Anorexia nervosa (AN) is an eating disorder characterized by a decrease in caloric intake and malnutrition. It is associated with a variety of medical morbidities as well as significant mortality. Nutritional support is of paramount importance to prevent impaired quality of life later in life in affected patients. Some patients with restricting-type AN who are fully motivated to gain body weight cannot increase their food intake because of malnutrition-induced gastrointestinal dysfunction. Chronicity of AN prevents participation in social activities and leads to increased medical expenses. Therefore, there is a pressing need for effective appetite-stimulating therapies for patients with AN. Ghrelin is the only orexigenic hormone that can be given intravenously. Intravenous infusion of ghrelin is reported to increase food intake and body weight in healthy subjects as well as in patients with poor nutritional status. Here, we introduce the results of a pilot study that investigated the effects of ghrelin on appetite, energy intake, and nutritional parameters in five patients with restricting-type AN, who are fully motivated to gain body weight but could not increase their food intake because of malnutrition-induced gastrointestinal dysfunction. Copyright © 2012 Elsevier Inc. All rights reserved.

  19. Retroviral restriction: nature's own solution.

    PubMed

    Jones, Christopher E; McKnight, Áine

    2016-12-01

    The present review will discuss recent advances in the development of anti-HIV therapies inspired by studies of the mechanisms of host restriction factor-mediated resistance to HIV infection. Manipulating the interplay between host cell restriction factors and viral accessory factors that overcome them can potentially be therapeutically useful. Preliminarily successful therapies - some of which are entering clinical trials - either inhibit the ability of virus to evade restriction factor-mediated immunity, or promote intracellular levels of restriction factors. These aims are achieved by multiple means, which are discussed. Many restriction factors appear to provide potentially useful targets for anti-HIV therapies, so time and interest should be invested in investigating ways to successfully therapeutically manipulate restriction factor-mediated immunity.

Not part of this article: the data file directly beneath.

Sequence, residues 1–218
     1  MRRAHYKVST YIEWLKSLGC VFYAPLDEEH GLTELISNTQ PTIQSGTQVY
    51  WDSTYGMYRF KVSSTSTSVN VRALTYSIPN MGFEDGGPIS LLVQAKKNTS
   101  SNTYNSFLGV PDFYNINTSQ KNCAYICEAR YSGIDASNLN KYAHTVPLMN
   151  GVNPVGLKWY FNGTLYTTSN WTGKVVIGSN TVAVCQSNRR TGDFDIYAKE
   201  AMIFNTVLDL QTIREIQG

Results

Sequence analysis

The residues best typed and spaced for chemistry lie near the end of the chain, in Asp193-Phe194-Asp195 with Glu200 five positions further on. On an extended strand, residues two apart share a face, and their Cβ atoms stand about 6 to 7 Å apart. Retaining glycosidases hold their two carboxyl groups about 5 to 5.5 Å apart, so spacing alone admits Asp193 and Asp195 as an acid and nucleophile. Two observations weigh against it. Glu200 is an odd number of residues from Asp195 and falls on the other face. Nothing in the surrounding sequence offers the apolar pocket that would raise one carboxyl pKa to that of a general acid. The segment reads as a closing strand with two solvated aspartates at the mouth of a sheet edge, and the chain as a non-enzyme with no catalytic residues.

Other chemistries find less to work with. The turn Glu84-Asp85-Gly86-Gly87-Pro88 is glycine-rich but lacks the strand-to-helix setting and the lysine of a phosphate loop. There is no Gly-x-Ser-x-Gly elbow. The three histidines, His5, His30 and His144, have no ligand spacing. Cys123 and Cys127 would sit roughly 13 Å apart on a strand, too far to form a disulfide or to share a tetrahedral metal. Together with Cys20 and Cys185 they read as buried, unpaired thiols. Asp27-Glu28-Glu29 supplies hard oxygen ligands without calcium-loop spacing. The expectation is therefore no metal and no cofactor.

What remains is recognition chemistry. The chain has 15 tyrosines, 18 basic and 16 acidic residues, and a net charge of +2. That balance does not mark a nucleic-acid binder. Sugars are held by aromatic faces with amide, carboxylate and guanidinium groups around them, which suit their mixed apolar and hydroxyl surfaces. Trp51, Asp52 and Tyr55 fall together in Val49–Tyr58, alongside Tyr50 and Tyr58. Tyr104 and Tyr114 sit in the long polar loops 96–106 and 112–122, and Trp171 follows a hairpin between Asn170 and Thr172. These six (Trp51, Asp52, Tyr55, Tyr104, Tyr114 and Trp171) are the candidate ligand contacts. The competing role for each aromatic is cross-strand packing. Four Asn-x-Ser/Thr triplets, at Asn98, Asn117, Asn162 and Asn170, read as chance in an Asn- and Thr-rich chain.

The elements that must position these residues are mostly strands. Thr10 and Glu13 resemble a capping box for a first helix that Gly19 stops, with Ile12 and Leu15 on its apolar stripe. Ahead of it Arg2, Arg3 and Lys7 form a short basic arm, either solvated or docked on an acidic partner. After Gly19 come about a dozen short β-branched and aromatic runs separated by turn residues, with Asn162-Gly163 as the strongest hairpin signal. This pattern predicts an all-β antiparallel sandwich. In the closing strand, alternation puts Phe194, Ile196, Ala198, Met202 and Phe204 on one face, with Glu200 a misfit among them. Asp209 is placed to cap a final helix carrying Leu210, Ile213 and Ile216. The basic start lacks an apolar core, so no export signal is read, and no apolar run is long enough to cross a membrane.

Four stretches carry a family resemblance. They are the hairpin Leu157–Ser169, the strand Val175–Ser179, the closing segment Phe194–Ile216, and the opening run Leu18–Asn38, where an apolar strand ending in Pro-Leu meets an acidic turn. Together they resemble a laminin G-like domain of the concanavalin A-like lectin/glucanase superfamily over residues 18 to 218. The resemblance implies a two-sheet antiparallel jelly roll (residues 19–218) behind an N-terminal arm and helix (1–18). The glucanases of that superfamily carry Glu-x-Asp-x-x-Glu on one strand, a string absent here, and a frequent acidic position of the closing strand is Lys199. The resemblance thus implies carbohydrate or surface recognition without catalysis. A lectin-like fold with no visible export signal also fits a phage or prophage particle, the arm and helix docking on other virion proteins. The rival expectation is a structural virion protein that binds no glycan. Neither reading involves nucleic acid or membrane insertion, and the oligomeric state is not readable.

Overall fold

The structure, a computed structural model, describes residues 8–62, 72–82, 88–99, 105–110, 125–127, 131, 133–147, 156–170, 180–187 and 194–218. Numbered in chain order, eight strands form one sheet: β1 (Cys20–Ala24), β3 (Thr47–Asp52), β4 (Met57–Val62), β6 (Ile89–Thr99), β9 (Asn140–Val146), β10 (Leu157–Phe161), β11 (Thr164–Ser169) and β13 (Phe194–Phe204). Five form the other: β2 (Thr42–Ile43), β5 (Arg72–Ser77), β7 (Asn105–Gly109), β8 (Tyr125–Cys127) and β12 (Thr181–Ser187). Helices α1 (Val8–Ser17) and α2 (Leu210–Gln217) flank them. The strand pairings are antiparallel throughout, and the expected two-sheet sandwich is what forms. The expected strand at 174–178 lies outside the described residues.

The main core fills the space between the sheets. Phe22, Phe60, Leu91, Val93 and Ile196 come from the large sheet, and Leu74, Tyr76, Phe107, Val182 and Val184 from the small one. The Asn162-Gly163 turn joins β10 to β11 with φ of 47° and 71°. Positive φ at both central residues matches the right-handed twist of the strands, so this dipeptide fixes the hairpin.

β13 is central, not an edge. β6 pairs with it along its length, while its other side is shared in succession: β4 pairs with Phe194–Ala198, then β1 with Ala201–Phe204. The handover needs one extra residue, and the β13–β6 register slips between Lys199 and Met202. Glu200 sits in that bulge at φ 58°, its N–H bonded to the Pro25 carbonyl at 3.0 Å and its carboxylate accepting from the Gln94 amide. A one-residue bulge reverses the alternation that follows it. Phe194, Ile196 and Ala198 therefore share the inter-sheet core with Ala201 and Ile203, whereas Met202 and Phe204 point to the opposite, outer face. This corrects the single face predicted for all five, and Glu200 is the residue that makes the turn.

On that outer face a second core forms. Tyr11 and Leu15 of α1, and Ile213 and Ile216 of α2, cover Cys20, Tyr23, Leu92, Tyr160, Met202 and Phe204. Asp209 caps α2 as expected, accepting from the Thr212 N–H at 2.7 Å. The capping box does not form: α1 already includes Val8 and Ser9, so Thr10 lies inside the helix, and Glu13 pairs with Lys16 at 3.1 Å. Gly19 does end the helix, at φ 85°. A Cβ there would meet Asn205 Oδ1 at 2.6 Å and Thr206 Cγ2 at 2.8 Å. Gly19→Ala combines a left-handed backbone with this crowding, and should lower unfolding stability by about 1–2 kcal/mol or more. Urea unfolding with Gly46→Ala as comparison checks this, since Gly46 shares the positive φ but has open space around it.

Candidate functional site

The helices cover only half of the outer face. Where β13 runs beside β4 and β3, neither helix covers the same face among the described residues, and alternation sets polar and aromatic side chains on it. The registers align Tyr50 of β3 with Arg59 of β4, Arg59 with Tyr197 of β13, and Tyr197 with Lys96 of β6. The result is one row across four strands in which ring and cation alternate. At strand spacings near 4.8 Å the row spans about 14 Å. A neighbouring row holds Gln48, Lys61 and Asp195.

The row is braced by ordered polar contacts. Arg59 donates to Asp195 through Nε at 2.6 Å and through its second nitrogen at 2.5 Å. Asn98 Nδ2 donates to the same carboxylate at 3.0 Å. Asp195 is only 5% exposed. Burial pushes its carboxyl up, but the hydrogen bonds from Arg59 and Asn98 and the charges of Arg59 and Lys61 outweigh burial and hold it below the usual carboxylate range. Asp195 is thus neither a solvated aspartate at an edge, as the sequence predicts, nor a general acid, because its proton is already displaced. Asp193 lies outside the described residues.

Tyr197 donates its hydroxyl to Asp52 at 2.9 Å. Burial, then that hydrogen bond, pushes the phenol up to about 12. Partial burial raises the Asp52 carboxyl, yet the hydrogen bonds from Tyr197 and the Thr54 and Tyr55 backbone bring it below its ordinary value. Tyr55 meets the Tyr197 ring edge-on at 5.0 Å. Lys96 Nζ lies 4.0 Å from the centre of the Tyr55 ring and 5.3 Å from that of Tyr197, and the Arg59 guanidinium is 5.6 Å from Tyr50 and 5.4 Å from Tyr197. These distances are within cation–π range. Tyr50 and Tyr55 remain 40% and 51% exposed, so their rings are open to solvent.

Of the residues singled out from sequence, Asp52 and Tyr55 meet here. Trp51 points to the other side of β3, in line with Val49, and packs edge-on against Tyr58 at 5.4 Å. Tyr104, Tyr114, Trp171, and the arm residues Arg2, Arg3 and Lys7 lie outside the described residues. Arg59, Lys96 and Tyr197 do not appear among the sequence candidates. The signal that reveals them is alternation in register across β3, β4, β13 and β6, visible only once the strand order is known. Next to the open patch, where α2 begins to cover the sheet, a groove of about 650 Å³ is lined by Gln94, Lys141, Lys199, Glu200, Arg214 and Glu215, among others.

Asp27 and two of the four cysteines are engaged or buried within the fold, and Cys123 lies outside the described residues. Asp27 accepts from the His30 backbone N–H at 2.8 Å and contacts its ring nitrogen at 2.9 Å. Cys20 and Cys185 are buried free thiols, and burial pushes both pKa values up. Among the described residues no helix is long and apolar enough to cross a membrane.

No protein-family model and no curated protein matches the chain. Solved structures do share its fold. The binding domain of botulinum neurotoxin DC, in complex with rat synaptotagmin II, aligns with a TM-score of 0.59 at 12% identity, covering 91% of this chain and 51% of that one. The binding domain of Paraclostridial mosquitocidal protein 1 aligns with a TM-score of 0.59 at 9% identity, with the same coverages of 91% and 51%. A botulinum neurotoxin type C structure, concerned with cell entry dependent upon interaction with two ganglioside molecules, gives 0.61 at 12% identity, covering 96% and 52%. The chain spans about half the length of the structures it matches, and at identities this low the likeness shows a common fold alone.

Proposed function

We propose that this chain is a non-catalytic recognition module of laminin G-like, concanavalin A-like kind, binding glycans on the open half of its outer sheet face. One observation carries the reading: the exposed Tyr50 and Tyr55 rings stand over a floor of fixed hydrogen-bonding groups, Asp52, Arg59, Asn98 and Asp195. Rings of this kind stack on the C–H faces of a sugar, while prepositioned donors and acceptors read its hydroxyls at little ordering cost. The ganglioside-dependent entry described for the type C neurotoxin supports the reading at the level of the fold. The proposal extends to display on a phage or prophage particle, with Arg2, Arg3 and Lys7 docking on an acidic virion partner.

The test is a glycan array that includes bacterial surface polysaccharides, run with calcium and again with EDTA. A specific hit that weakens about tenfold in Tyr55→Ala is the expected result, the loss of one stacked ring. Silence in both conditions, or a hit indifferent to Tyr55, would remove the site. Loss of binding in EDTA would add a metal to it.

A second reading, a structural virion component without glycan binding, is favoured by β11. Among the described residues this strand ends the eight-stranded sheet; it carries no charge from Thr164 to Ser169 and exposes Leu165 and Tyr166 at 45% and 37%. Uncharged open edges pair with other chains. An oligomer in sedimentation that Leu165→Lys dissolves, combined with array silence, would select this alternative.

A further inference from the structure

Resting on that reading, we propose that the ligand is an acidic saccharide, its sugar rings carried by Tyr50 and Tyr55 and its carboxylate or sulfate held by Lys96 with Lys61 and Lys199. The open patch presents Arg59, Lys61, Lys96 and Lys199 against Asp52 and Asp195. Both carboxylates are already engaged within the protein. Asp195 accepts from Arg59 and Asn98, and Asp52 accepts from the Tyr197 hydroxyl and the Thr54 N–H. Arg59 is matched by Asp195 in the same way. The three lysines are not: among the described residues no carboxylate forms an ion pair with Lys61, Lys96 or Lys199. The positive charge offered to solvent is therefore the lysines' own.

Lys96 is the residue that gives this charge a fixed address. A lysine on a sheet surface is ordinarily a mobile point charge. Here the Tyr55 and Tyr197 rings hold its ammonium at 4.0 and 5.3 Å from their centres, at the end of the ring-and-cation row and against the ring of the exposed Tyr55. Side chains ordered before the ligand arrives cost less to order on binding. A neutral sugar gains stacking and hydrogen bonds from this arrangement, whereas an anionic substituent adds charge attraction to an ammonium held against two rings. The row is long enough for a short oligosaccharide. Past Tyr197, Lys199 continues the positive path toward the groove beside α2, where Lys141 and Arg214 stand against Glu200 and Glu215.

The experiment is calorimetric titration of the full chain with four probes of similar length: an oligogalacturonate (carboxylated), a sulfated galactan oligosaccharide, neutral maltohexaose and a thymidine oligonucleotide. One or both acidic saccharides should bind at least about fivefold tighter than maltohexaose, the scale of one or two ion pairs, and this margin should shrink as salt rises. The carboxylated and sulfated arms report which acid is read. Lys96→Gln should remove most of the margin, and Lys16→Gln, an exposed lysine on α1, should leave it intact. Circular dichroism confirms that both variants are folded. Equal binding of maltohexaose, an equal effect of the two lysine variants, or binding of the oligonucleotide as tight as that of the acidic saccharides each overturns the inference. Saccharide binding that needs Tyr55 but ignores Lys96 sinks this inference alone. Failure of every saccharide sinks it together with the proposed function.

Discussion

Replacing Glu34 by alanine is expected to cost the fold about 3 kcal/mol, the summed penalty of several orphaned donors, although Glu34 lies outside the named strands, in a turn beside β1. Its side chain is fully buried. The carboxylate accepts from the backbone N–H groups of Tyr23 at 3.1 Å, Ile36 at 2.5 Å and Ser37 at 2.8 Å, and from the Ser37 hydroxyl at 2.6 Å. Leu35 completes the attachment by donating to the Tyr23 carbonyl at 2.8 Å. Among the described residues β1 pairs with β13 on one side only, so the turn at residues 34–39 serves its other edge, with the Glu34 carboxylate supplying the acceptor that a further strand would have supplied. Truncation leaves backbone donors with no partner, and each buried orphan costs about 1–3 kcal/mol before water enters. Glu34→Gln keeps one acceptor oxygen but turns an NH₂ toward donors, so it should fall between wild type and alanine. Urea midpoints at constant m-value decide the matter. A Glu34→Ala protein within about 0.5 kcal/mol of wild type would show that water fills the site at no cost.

20. Fluid Management for Critically Ill Patients: A Review of the Current State of Fluid Therapy in the Intensive Care Unit.

    PubMed

    Frazee, Erin; Kashani, Kianoush

    2016-06-01

    Intravenous fluids (IVF) are frequently utilized to restore intravascular volume in patients with distributive and hypovolemic shock. Although the benefits of the appropriate use of fluids in intensive care units (ICUs) and hospitals are well described, there is growing knowledge regarding the potential risks of volume overload and its impact on organ failure and mortality. To avoid volume overload and its associated complications, strategies to identify fluid responsiveness are developed and utilized more often among ICU patients. Apart from the amount of fluid utilized for resuscitation, the type of fluid used also impacts patient outcome. Colloids and crystalloids are two types of fluids that are utilized for resuscitation. The efficacy of each fluid type on the expansion of intravascular volume on one hand and the potential adverse effects of each individual fluid, on the other hand, need to be considered when choosing the type of fluid for resuscitation. The negative impact of hydroxyethyl starch on kidney function, of albumin on the mortality of head trauma patients and chloride-rich crystalloids on mortality and kidney function, are only examples of new developments in the field. In this paper, we will review the impact of fluid overload on patient outcomes, define the fluid challenge, describe the differences in static and dynamic estimates of fluid responsiveness, and review the effect of different types of fluid on patient outcome. Avoiding fluid overload by choosing the appropriate amount of fluids in patients who are fluid-responsive on one hand, and treating IVF like other medications, on the other hand, are the major changes. Whenever clinicians decide to prescribe IVF, they need to weigh the risks and benefits of giving fluid and also the advantages and side effects of each fluid type in order to optimize patient outcomes.